Crime and Punishment in the Punitive State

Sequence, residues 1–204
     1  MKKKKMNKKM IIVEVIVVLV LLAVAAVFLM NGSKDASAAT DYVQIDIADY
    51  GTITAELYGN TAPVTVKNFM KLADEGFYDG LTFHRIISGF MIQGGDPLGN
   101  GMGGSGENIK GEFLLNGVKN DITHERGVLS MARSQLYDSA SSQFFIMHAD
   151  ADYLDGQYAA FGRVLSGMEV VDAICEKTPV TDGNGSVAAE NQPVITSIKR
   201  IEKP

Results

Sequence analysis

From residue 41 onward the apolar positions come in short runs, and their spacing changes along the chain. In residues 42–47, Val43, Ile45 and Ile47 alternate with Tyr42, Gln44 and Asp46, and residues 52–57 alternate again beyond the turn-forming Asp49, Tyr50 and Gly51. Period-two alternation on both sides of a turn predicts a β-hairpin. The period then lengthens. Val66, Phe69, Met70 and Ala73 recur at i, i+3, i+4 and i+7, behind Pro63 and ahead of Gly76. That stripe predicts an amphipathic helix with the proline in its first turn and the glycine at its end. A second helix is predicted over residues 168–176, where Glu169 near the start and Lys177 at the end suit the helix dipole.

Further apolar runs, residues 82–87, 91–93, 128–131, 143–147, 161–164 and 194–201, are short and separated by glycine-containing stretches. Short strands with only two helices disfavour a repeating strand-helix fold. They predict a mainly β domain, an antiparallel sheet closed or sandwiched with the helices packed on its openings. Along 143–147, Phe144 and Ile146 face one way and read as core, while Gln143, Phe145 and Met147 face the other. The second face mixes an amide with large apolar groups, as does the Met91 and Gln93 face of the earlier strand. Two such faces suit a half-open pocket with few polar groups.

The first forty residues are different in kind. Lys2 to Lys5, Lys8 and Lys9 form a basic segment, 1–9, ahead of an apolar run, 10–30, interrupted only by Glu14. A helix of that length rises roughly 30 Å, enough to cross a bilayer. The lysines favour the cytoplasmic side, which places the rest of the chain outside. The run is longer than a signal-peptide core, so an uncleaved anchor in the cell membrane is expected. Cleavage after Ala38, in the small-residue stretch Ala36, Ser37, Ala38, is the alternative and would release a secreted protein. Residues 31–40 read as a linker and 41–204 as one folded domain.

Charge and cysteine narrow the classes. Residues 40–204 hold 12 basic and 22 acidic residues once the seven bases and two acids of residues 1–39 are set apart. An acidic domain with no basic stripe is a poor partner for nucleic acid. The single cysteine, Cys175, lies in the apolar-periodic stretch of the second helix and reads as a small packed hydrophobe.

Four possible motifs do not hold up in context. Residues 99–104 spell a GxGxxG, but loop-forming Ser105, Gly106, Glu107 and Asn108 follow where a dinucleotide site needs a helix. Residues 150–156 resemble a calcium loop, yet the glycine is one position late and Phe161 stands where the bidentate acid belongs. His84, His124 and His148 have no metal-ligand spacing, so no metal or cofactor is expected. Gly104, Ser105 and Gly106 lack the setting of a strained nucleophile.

Punitive governance involves a dramatic shift in long-standing liberal ideas about the burden of proof. The entrenchment of punitive practices at the center of governance today poses a striking challenge to the progressive story line. Punitiveness and preemption have progressively redefined practices in an array of fields. Punitive justice expresses anger, resentment, or vindictiveness, in contrast to preventative, reformative, or restorative ideals. The carceral state is a type of political organization in which three conditions are obtained. First, incarceration becomes the preferred sanction for a growing number of infractions. Second, official bureaucracies and civil society collude to intensify enforcement, enhance penalties, and keep the prison system growing. Third, a bloated prison system begins to supply norms for other institutions of government.
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